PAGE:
Sleep pressure can build quickly in a baby, creating a need for frequent sleep during daytime hours. So while many families strive for long periods of sleep at night, it’s difficult to achieve that goal unless your baby has good quality naps during the day. The following newborn nap tips will help to encourage good quality sleep during the day, even at an early age.
Newborn Napping Schedules
The first rule of newborn nap schedules is that there is no nap schedule! Try not to focus on nap length or naps set at specific times of day; instead, watch your child for signs of fatigue. Babies in this age range can typically only stay awake for 45-60 minutes. That’s not a lot of time. Most days you will feel like you have barely fed, burped and changed your little one before putting them back down for a nap! On an average day, your baby could sleep as much as 17 hours in a 24 hour period. How long your child sleeps at each nap is more difficult to predict. The length of their nap depends largely on the size of their stomach, which can vary.
Nap routines are important, even at a young age
Creating a short naptime routine is just as important as a bedtime routine…and it’s never too early to introduce one. As your child gets older, they will already be familiar with the sequence of events surrounding nap time. Nap routines should be approximately 3 to 5 minutes in length. Suggested nap routine for a newborn:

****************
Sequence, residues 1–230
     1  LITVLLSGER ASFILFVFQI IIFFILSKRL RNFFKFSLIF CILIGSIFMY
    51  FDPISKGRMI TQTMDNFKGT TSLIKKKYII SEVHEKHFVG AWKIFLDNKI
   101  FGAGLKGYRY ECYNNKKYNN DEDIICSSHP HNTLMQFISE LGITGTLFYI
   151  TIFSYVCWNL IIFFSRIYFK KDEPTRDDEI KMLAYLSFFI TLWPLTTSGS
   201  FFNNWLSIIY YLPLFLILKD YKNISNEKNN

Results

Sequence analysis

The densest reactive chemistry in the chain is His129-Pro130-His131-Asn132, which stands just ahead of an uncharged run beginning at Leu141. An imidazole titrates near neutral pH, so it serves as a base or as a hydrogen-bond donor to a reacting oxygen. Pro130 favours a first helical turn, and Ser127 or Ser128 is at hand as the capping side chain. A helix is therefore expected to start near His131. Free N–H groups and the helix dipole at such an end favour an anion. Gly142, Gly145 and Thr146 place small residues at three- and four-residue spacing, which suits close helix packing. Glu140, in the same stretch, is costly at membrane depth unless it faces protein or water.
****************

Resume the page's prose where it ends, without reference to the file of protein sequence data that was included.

- Diaper change
- Swaddle or sleep sack
- White noise
- Cuddles and short song while walking around the room
With so many naps during the day, it’s likely not practical to have your baby nap in their crib or bassinet at all times, but it’s important to exercise some caution for naps on the go. Health Canada advises against allowing your child to sleep for long periods of time in strollers, car seats, swings, bouncers, slings or baby carriers that keep them in seated or semi-reclined position.
Keeping current health guidelines in mind, a short nap assisted by a swing or vibrating chair is ideal for a late day or early evening nap when your child may be fussy. This gives you an opportunity to take some time for yourself and helps to ensure your baby is well rested going into bedtime.
Watch for Nap Transitions
As your baby nears 3 months of age, they may have enough stamina to stay awake for longer periods of time (1-1.5 hours of awake time). Along with increasing intervals of awake time, the last nap of the day is usually replaced by an earlier bedtime. Consider monitoring your child’s sleep patterns more around this age to determine if they need some additional awake time to help encourage longer nap lengths and a more predictable daytime schedule.
Note: This blog post was originally written for Bonjour Baby Baskets on September 23,2015.